[C++/Cx] How can I get the AsyncOperationWithProgress progress?

Windows Runtime provides the HttpClient class along with async APIs. For example, you can send a GET request through the GetAsync(Uri) method.

GetAsync() method is an awaitable API so that it returns IAsyncOperationWithProgress<HttpResponseMessage, HttpProgress>^. You will get the HttpResponseMessage by specifying the IAsyncOperationWithProgress to Concurrency::create_task(). However, how can I get the progress?

There’s no direct answer from MSDN but gives a hint here:

You just supply the delegate for the object’s Progress property

Here’s the snippet:

Generating assembly output from msvc and CMake

Sometimes it’s needed or you may require to see the assembly output listing of a C++ snippet code just for the testing purpose. Testing yourself with Jason Turner’s session might be the example.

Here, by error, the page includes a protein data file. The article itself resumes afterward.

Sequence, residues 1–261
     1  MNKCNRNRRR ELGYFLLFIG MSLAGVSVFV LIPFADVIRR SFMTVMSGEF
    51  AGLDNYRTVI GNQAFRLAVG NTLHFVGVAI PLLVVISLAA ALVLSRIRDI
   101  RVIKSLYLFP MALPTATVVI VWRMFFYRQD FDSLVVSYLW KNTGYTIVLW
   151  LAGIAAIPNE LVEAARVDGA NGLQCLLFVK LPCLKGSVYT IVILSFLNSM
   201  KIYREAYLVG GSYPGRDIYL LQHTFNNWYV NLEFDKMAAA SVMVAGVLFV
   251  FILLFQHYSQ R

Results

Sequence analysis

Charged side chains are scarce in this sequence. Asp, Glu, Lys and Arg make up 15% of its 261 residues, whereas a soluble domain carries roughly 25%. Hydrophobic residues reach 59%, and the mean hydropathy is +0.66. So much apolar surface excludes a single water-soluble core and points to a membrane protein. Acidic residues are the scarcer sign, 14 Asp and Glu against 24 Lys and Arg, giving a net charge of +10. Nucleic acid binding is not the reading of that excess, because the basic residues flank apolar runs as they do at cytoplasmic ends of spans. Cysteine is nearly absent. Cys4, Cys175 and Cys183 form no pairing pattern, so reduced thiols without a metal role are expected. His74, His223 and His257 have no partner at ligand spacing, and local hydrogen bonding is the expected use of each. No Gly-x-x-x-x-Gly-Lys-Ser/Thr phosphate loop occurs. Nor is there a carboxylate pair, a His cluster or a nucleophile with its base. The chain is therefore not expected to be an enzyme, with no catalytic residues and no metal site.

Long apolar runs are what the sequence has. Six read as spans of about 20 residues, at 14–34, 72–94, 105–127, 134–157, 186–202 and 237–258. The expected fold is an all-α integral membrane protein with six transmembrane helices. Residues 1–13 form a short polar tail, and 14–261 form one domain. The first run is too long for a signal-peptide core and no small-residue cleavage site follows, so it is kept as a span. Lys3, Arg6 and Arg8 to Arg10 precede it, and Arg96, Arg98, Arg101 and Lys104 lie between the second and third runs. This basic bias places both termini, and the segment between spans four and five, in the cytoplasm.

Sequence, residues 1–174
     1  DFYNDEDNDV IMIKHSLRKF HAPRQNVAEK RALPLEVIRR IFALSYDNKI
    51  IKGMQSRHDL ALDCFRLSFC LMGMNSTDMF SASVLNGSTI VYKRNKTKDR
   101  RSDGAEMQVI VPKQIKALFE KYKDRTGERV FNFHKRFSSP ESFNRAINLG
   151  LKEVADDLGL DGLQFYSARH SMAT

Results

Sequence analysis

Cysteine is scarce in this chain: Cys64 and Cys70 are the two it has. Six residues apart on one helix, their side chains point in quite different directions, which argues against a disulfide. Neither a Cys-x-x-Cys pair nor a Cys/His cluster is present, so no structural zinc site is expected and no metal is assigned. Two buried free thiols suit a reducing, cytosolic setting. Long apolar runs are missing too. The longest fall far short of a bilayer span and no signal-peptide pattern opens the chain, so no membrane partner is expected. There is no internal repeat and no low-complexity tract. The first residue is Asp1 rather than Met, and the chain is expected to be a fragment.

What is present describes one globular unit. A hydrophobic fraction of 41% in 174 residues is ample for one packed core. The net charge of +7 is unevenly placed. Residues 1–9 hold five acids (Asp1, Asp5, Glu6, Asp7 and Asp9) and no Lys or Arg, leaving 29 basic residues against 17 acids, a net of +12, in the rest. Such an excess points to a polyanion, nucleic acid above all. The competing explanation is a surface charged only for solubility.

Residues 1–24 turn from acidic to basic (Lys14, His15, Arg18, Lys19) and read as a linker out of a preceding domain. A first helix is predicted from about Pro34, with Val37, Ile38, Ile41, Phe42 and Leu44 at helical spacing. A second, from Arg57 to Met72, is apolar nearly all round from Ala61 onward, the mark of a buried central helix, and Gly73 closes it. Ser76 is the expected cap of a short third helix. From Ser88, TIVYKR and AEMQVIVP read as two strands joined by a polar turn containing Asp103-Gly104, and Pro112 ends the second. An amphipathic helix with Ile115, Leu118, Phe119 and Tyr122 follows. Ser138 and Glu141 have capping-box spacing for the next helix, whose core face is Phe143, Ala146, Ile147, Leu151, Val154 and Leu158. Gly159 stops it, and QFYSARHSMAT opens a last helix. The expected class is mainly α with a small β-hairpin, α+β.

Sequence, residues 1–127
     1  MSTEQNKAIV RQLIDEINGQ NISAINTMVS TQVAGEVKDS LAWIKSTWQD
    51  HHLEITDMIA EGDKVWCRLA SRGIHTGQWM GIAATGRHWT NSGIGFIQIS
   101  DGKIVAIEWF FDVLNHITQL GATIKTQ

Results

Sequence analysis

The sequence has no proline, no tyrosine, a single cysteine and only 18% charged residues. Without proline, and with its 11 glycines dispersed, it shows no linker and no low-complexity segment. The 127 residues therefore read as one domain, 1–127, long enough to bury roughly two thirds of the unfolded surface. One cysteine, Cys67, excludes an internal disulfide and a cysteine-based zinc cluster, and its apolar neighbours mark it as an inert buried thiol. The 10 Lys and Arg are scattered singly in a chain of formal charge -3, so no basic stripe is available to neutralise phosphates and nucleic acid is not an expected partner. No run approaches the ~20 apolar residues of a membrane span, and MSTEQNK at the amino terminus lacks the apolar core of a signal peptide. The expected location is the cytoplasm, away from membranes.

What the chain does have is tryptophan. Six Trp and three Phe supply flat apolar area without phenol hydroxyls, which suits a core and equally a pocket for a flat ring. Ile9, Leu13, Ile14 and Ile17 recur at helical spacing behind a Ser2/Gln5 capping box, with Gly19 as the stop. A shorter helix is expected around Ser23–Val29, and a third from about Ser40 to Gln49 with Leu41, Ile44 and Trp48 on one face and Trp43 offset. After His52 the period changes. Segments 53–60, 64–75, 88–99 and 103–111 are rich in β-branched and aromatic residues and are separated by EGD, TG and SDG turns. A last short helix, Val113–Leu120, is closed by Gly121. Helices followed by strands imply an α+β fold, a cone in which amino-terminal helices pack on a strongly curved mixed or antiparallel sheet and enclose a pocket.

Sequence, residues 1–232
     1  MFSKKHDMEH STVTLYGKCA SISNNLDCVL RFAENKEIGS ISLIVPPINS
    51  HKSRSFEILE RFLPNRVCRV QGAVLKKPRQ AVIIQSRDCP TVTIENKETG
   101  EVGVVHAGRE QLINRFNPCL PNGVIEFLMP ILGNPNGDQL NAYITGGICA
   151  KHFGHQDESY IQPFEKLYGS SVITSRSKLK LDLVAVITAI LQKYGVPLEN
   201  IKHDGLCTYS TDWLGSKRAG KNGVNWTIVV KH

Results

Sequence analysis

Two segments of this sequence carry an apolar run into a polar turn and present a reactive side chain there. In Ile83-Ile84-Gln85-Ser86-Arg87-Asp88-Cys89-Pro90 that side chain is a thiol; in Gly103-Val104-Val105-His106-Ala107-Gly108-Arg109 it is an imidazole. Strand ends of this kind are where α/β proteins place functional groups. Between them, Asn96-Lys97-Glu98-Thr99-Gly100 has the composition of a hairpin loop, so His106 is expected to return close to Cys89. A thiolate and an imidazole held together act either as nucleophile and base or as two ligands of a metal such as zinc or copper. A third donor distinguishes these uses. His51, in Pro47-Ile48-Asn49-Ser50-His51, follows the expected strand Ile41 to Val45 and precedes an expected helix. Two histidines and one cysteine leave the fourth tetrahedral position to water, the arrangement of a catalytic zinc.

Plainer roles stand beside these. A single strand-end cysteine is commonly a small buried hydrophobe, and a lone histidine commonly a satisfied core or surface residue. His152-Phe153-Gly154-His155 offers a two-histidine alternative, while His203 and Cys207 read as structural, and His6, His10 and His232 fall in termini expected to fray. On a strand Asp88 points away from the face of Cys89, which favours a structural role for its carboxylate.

If you’re using a msvc with Windows environment, then it’s quite easy by running the simple command line argument:

Let’s say we have an optimizaing.cpp as following:

#include <string>

int main()

{

    std::string s(“a”);

    return s.size();

}

Launch the build environment and run the cl.exe with a ‘/FA’ parameter.


cl /EHsc /nologo /W4  optimizing.cpp /FAs /GL /O2


CMake also automatically adds the target generating assembly output and it’ll be also a good choice when you’re not using msvc.

Let’s say if we have the following CMakeLists.txt,

project(demo)

cmake_minimum_required(VERSION 3.1)

#—————————————————-

# Flags

#—————————————————-

set(CMAKE_CXX_STANDARD 14)

add_definitions(-DCMAKE_EXPORT_COMPILE_COMMANDS=1)

#—————————————————-